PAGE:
Alain Datcher knows there’s a sad truth about the newly minted Medi-Cal card he carries in his wallet. It opens a few doors, but only takes him so far.
“Even though I feel like I’m part of a network, it’s a network that may not be adequate enough,” the 25-year-old said recently. “It leaves me grateful, but it leads me to think of the what ifs.”
Datcher, a former foster care youth, became eligible for Medi-Cal in January, when the Affordable Care Act allowed those like him to enroll in federally subsidized health plans through state health insurance exchanges. Datcher attempted to apply through Covered California and hit a wall.
“I was calling and calling and talking to different people,” Datcher, a graduate student at Pepperdine University said. “You realize you have to call because the paperwork on the website is not complete enough. There’s a lot of loopholes. When it came down to how to do it, there was so much confusion.”
Datcher’s experience navigating his way to health care was unique, because of his former foster care status. But his difficult enrollment process also illustrates some of the challenges many Americans experienced when the Affordable Care Act launched last October.
The 32 states that chose to participate marked a historic shift in the health care landscape unseen since Medicaid was introduced in 1965, academics said.
One of the largest enrollment campaigns in the nation, Covered California, introduced millions of state residents to the bronze, silver, gold and platinum level health plans and promised to reach out to everyone, including young adults, struggling single moms and contract workers who may have been uninsured because of cost.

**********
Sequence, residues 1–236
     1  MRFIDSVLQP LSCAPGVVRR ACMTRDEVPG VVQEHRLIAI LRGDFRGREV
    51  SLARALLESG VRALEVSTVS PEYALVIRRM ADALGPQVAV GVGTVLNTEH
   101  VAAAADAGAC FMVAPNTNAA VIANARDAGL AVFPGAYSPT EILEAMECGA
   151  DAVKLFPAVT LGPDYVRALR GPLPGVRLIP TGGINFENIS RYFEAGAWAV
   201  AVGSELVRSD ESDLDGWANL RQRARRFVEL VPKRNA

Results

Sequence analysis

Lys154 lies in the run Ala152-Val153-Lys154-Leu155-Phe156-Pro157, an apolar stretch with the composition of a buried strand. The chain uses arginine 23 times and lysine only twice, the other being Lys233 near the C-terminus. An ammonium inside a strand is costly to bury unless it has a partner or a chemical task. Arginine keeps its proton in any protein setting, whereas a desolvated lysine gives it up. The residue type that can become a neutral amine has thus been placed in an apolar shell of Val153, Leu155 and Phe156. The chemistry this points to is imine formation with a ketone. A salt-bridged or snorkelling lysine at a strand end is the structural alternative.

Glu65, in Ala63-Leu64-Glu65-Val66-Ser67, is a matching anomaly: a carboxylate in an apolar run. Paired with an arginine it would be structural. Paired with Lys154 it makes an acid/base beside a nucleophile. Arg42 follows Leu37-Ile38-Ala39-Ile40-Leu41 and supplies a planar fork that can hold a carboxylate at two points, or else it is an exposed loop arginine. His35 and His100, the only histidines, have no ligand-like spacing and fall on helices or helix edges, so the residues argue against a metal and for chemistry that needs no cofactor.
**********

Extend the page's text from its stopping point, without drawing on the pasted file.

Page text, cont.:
But there were glitches, website shutdowns, and eventually, the federal government even postponed the employer mandate until the fall of 2015.
Twelve months later some who applied for Medi-Cal still wonder if they are qualified. Former foster youth such as Datcher ran into application problems, and others say the care they receive is dismal because of lack of physicians in the network.
Yet considering those issues, last year’s launch is still praised by some as an overall success when compared with other states and the federal government’s own efforts. Some health care advocates are hopeful the next enrollment period which opens on Nov. 15 will be better as Covered California gears up for another first: renewals.
“I think we need to recognize that even though we had a huge number, we got that huge number in spite of the issues for consumers,” said Anthony Wright, executive director for Health Access California, a statewide health care consumer advocacy coalition.
“There were long wait times, there were glitches, there weren’t even enough people on the ground,” he said. “We didn’t have a Spanish-language website, we didn’t have paper applications for several months.”
Wright said even if only 200,000 who signed up were previously uninsured, the program was a success.
“There were significant issues and barriers, and yet Californians showed they wanted this coverage and options,” he said.
Covered California managed to enroll more than a million of the 5.5 million uninsured who qualified. Of those, about 90 percent received subsidies to cover costs. Separately, more than 1.9 million used Covered California to enroll into Medi-Cal, the state’s version of Medicaid.
Yet some concerns arose quickly. The California Medical Association became aware that physicians and their specialties were listed incorrectly in Covered California’s directory. The directory was removed online indefinitely. In addition, tens of thousands who applied for Medi-Cal, are still waiting coverage months later.